Trust breathing!!! Goodness, don’t you know that your body naturally knows how to breathe and you will breathe in a way that perfectly meets your body’s needs. Wow, these sanctimommies (all just pawns of Big Garlic, Big Kale and Big Organic Wrap!!!) are just out to promote forced, UNNATURAL breathing. IT’S AN UNNECESSARY INTERVENTION, FOLKS! A woman’s body is perfectly pure and magical, whatever it’s doing in any moment is the absolute thing it needs to be doing…even if it’s killing her because, don’t forget, death happens sometimes.

  • Captain Obvious

    Can you watch tv while breast feeding? I mean CNN or movies like WWZ might disrupt the relationship.

    • KarenJJ

      Good grief I even read a book when trying to breastfeed mine. No wonder it didn’t work and they’re screwed up now and totally not bonded. There was a slightly worrisome bit where Mr Darcy got a bit stroppy and caused Lizzy some anger…

      • Klain

        I used to be able to read a book until they got to around 6 months and then they would reach a hand behind and try to grab the book, or thump the ipad. At least with a phone I can hold it out of reach.

      • Liz Leyden

        I wasn’t able to read while feeding mine until I got a cheap tablet. With the Kinde App and my local library webpage, it has been awesome.

    • Ainsley Nicholson

      I wonder what they would think of my reading Dr Amy’s blog while breastfeeding?

      • Amy H

        Haha do you have to wonder?

      • Happy Sheep

        You might as well feed them poison – I mean formula. All those “science and evidence based facts” will just ruin everything.

    • Liz Leyden

      My kids have eaten (formula) while watching Saturday Night Live. Shaun the Sheep, My Little Pony, 1960s tv Batman, and Mystery Science Theater 3000. They will probably be scarred for life.

  • Guest

    I wanted to comment on the original story: “What a crock of shit.” But I stopped myself. Please praise me.

    I am very proud of the fact I can dress a toddler, shop, cook dinner, take a conference call, answer e-mails and text my friend all while nursing. I consider these things achievements! But OH NOS! It’s not enough! I am supposed to stop every two hours to regulate my breathing and stare lovingly at my infant. What dangerous, stupid advice. No human being could ever live up to this, and what’s more, it’s not good for the kid. When a baby is sick I will spend that kind of time with her but when she’s healthy she gets to roll with the rest of the family.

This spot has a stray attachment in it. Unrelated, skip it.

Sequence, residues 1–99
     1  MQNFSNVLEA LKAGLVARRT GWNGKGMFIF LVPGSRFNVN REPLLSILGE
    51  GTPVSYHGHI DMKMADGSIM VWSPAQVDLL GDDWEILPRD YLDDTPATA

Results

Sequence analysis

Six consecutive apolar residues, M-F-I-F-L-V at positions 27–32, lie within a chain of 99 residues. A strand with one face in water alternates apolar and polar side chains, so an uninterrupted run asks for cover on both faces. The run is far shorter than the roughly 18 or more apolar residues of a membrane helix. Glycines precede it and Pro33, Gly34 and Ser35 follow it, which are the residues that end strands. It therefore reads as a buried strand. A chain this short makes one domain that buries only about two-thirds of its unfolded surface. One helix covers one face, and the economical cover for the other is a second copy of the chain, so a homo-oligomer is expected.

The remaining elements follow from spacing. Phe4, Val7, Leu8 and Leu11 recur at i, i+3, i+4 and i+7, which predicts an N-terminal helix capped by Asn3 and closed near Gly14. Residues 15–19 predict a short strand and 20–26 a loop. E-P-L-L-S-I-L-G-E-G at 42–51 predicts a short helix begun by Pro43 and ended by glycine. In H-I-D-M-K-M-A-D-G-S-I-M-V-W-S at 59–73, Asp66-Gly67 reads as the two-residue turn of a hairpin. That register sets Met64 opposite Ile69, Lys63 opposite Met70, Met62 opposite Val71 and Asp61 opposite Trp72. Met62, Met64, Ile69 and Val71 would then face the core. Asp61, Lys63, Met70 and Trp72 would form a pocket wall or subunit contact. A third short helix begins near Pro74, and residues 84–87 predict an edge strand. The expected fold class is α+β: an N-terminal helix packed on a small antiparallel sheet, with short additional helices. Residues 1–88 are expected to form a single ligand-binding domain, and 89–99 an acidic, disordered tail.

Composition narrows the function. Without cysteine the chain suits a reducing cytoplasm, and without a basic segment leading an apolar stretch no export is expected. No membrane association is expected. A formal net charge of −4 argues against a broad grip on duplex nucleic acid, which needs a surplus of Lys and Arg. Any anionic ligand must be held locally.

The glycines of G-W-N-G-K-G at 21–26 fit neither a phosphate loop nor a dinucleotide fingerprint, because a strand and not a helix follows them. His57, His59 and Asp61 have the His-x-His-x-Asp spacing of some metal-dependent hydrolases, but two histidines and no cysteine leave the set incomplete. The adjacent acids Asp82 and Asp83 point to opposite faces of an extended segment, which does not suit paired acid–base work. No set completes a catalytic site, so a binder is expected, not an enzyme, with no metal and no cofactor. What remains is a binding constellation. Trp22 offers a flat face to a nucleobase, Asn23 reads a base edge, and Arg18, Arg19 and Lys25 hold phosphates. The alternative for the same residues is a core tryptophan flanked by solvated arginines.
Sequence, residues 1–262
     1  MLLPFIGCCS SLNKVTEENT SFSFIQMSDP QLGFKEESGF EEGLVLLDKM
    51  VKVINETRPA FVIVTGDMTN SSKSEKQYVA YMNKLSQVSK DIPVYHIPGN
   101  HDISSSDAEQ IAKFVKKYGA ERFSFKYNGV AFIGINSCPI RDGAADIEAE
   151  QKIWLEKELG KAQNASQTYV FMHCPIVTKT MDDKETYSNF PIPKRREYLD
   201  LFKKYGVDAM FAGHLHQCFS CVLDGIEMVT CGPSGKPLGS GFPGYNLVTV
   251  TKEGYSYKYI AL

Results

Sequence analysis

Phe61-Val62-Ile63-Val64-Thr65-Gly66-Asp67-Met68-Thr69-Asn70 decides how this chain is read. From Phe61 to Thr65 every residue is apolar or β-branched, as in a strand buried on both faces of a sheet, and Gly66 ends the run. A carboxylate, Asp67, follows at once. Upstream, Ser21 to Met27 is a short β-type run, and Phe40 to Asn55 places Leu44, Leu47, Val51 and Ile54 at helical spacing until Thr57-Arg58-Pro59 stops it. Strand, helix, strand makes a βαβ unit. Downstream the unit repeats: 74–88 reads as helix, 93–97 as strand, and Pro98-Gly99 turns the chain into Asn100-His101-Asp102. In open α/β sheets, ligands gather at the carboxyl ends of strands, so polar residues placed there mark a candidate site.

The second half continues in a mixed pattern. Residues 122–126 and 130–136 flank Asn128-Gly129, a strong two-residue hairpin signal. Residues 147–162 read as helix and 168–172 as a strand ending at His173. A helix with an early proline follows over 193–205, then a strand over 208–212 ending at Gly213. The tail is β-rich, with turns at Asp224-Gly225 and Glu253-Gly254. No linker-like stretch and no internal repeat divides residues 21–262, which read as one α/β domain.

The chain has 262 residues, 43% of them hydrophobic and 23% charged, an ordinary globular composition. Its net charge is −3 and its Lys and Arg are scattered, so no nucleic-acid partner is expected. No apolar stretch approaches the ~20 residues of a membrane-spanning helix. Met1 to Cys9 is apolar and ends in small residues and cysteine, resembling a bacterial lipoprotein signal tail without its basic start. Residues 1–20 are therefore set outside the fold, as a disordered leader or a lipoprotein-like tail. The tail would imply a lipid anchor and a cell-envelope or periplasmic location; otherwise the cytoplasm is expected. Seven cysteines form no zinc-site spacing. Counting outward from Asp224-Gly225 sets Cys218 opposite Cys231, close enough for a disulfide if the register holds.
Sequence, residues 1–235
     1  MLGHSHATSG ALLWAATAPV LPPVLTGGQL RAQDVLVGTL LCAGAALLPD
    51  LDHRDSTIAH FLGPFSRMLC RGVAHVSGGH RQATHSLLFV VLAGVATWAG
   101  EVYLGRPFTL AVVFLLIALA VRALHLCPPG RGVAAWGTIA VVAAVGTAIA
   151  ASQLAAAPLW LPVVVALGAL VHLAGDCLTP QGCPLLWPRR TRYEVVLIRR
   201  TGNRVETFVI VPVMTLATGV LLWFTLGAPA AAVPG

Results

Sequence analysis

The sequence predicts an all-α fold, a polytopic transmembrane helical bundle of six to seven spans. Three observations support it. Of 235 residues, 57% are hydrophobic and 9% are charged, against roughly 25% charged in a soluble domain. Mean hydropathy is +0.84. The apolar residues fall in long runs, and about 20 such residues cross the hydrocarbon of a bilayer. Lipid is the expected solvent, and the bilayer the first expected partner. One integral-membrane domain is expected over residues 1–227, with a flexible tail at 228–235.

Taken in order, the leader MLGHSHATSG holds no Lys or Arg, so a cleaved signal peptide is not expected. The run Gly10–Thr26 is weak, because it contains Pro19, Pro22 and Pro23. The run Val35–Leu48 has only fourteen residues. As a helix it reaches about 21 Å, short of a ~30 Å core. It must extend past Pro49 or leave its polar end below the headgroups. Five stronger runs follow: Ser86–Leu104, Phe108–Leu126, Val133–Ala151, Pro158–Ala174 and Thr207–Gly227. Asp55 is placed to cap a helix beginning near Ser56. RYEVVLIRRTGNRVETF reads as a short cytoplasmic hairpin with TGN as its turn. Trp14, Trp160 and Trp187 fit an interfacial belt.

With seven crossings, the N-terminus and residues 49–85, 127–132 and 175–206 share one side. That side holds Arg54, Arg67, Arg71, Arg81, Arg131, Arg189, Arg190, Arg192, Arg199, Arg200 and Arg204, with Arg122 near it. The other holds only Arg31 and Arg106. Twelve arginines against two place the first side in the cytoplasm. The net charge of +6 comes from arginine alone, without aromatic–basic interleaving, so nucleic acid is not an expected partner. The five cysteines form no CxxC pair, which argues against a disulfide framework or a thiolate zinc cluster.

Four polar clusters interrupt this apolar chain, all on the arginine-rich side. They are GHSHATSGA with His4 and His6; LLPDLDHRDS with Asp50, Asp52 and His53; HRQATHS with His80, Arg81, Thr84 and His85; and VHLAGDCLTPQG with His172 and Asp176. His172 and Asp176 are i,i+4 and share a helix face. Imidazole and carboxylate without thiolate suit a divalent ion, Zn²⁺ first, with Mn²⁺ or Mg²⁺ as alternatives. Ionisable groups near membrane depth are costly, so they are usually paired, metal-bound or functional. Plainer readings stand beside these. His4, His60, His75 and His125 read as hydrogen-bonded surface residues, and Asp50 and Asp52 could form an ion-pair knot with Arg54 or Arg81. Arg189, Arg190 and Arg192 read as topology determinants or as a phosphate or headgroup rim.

• Carolyn the Red

    OK, really, I don’t get it. Breastfeeding is simultaneously so simple one doesn’t need to fully wake up at night to do it while co-sleeping, and so difficult that reading while doing so shouldn’t be done at the same time. Which is it?

    • sdsures

      I’d want to be fully awake so I don’t suffocate the kid accidentally.

  • MaineJen

    …so now we’re BREATHING WRONG???
    The sanctimommies are starting to sound like my ex-husband.
    What about watching TV while you breastfeed? They would probably faint dead away if I told them I did that. Never mind that the baby has fallen asleep while feeding; you still have to spend those 40+ minutes gazing adoringly at him. Because…hormones.

    • Carolina

      I need research on Facebooking will nursing. That was my MO for a while. Is my child so damaged that she’ll never get into college at all, or can I hold out hope for a third rate state school? Help!

      • Jennifer2

        What about reading lactivist blogs and LLL articles about ways to increase your supply while nursing? Or watching 30 Rock while nursing? I definitely struggled to regulate my breathing during those activities, either because I was sobbing because I was such a shitty mom or because I was trying to stifle laughter to avoid waking a sleeping baby (didn’t work; startle reflex was so adorable).

  • Renee

    The NCBers and BF pushers really want us to be nothing more than gestating, delivering, and feeding machines. ANd they cannot even let it be easy or fun!

  • I’m kind of angry that they are equating texting with PTSD symptoms. I have PTSD and texting is not the same thing, at all. Jesus. I’m also sure that if someone complained that breastfeeding gave them abuse flashbacks or something (not super uncommon in survivors of CSA) this same person would tell them they have to breastfeed no matter what. Its nonsense.

  • violinwidow

    What are the older children to do? Especially knowing as we do that toys stomp a child’s imagination into dust and no crunchy mommy worth her salt would ever allow a toy into her home, the older children must be bored to death.

    • Mishimoo

      Bored to death? No, no, you have it all wrong. It’s the glorious creation of superior imagination through better bonding with Mother Nature. As you feed the baby, so Nature feeds your child’s mind.

  • Gene

    What would they have done seeing me walking down the aisles at Home Depot with a babe attached to my boob. Multi-tasking!

    Ironically, most crunchy websites I’ve visited use the term NAK freely and almost as a brag. For those who don’t know, NAK is shorthand for “nursing at keyboard”.

    • The Bofa on the Sofa

      What would they have done seeing me walking down the aisles at Home Depot with a babe attached to my boob. Multi-tasking!

      OK, you are nursing while distracted, BUT you are also nursing in public, which makes it ok overall. It’s not quite enough of a conundrum to make their heads explode like the robot chicks on Star Trek when Spock confused them with contradictory logic.

      • Karen in SC

        there you go again, showing off your PCM cred!

        • The Bofa on the Sofa